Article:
> >
> > For those of you who have helped a company or organization migrate from Windows to Linux or from one Linux distro to another, what is your preference?
> >
>
> This is easy: RHEL or it's twin CentOS. It is widely deployed on
> servers, probably on par with or more than Debian in my anecdotal
> dealings. It is also often found as a enterprise desktop OS, the only
> one that really competes with Suse. Other than RHEL/CentOS and Suse,
> you won't find anything on an enterprise desktop. I'm donning the
> fireproof undies now... Gentlemen: flame me with your Debian
> enterprise desktop experience please!
<snip>
I've been following this with interest as we are about to deploy what we
hope will be very many enterprise desktops. We had originally planned
on Ubuntu until we realized their understanding of long term support was
very different from our understanding.

We are very big RedHat fans as they really seem to walk the walk when it
comes to open source and so considered both CentOS/RHEL and Fedora. The
intentionally short support cycles for Fedora were the showstopper there
while CentOS/RHEL tend to lag too far behind for a desktop as opposed to
a server distribution.

That is ultimately what led us to Debian. It has been our first major
experience with Debian and we have been quite pleased with it as the
best balance for a desktop OS thus far when we combine stable,
backports, and occasional bits from testing with a well designed
preferences file. Very, very interested in other thoughts - John


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Old 02-28-2011, 07:48 PM
"Boyd Stephen Smith Jr."
 
Default Best and most popular distros for the enterprise desktop

On Monday 28 February 2011 13:47:23 Jason Hsu wrote:
> For those of you who have helped a company or organization migrate from
> Windows to Linux or from one Linux distro to another, what is your
> preference?

The only time I've been involved in such a project it was from a hetrogenous
AIX/HP-UX/NCR(legacy) environment to a hetrogenous AIX/HP-UX/NCR(legacy)/SLES
environment.

I would have recommended Debian instead, but I wasn't consulted. SLES allows
them to mostly operate in the same manner, as they were previously, though. A
shift to Debian would have required them to take a more active role in OS
issue diagnosis and remediation, but they have sufficient technical staff to
do so.
--
Boyd Stephen Smith Jr. ,= ,-_-. =.
bss@iguanasuicide.net ((_/)o o(\_))
ICQ: 514984 YM/AIM: DaTwinkDaddy `-'(. .)`-'
http://iguanasuicide.net/ \_/
 
Old 02-28-2011, 07:48 PM
Thierry Chatelet
 
Default Best and most popular distros for the enterprise desktop

On Monday 28 February 2011 20:47:23 Jason Hsu wrote:
> Are there any rankings of the most popular Linux distros for the enterprise
> desktop? My guess is that the most popular enterprise desktop distros are
> Ubuntu, RedHat, and SUSE.

Maybe one of us should go and replace you whenyou go for your consulting job?
Thierry


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Old 02-28-2011, 08:07 PM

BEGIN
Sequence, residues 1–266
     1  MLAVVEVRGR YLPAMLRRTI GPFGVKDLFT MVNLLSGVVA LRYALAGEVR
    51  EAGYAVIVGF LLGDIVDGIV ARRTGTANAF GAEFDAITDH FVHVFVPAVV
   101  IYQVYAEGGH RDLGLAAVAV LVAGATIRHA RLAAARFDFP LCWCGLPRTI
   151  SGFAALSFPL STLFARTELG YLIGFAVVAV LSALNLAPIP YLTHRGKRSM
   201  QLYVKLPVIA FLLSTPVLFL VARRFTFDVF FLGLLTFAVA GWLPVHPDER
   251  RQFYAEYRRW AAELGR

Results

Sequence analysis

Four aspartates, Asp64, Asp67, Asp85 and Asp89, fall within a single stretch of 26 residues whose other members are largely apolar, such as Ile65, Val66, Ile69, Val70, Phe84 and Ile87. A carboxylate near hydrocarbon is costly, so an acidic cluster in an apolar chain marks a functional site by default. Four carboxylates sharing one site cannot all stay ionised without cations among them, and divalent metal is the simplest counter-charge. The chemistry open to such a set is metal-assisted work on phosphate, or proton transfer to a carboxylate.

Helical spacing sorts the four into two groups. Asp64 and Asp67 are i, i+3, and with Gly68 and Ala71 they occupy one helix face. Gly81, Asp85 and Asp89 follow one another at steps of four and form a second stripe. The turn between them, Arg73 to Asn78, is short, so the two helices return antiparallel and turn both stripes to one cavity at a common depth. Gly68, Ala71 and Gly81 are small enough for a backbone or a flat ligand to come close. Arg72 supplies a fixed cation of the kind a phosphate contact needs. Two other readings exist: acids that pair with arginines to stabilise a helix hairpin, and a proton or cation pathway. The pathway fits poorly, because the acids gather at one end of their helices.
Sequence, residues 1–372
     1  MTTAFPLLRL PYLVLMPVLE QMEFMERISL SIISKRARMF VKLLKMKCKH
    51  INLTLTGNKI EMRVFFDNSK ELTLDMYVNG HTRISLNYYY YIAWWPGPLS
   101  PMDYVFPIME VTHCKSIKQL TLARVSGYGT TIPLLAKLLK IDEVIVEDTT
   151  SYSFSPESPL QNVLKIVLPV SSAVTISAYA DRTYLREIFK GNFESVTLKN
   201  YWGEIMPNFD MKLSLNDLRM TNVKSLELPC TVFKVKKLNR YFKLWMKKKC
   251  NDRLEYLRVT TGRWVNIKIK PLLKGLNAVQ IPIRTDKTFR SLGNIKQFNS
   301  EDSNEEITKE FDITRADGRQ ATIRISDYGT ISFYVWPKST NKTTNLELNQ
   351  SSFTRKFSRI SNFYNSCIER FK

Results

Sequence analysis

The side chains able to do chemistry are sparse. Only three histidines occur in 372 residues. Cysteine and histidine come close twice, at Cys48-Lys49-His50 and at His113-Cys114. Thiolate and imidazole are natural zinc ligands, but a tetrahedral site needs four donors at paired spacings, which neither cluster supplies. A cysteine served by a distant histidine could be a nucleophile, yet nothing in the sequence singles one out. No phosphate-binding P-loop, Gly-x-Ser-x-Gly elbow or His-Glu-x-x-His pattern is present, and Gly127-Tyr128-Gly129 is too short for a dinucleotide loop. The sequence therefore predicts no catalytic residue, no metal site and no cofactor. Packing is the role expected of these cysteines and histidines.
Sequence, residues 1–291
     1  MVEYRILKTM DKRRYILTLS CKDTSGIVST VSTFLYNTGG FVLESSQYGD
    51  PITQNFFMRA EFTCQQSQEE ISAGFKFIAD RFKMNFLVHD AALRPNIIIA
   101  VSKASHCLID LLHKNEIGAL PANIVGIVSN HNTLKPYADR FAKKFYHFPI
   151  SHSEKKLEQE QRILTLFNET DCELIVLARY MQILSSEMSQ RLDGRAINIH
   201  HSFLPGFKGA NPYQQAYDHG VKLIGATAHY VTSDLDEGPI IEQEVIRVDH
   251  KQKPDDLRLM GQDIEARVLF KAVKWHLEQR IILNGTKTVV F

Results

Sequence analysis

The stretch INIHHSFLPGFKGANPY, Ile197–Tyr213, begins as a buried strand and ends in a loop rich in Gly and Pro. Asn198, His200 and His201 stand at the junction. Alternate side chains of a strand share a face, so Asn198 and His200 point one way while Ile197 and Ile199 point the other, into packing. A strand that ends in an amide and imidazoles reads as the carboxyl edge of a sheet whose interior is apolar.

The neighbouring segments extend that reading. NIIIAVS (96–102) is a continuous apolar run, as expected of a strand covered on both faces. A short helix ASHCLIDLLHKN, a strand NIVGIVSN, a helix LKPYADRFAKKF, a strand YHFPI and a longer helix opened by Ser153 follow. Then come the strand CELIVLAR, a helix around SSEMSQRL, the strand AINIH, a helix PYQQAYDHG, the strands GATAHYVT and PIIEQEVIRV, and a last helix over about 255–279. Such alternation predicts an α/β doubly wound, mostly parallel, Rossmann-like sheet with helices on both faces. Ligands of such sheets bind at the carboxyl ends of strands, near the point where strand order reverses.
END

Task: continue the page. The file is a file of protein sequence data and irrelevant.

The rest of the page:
Miles Fidelman
 
Default Best and most popular distros for the enterprise desktop

Dotan Cohen wrote:

On Mon, Feb 28, 2011 at 21:47, Jason Hsu<jhsu802701@jasonhsu.com> wrote:


Are there any rankings of the most popular Linux distros for the enterprise desktop? My guess is that the most popular enterprise desktop distros are Ubuntu, RedHat, and SUSE.


This is easy: RHEL or it's twin CentOS. It is widely deployed on
servers, probably on par with or more than Debian in my anecdotal
dealings. It is also often found as a enterprise desktop OS, the only
one that really competes with Suse. Other than RHEL/CentOS and Suse,
you won't find anything on an enterprise desktop. I'm donning the
fireproof undies now... Gentlemen: flame me with your Debian
enterprise desktop experience please!

And, if you include US Government (particularly DoD), RedHat is probably
the primary form of Linux that you'll find. They've pretty much
established themselves in the procurement channels.


Miles Fidelman


--
In theory, there is no difference between theory and practice.
In<fnord> practice, there is. .... Yogi Berra



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Old 02-28-2011, 08:20 PM
"Boyd Stephen Smith Jr."
 
Default Best and most popular distros for the enterprise desktop

On Monday 28 February 2011 14:42:41 John A. Sullivan III wrote:
> That is ultimately what led us to Debian. It has been our first major
> experience with Debian and we have been quite pleased with it as the
> best balance for a desktop OS thus far when we combine stable,
> backports, and occasional bits from testing with a well designed
> preferences file. Very, very interested in other thoughts - John

I run multiple Debian systems that have stable/testing/unstable/experimental
and all the add-ons volatile/backports/security/updates/proposed updates. I
use a preference file that keeps me with stable+security+volatile/updates
mostly and for the times when I want something out of one of the other
repositories tracks upgrades so that I get security updates in a timely
manner.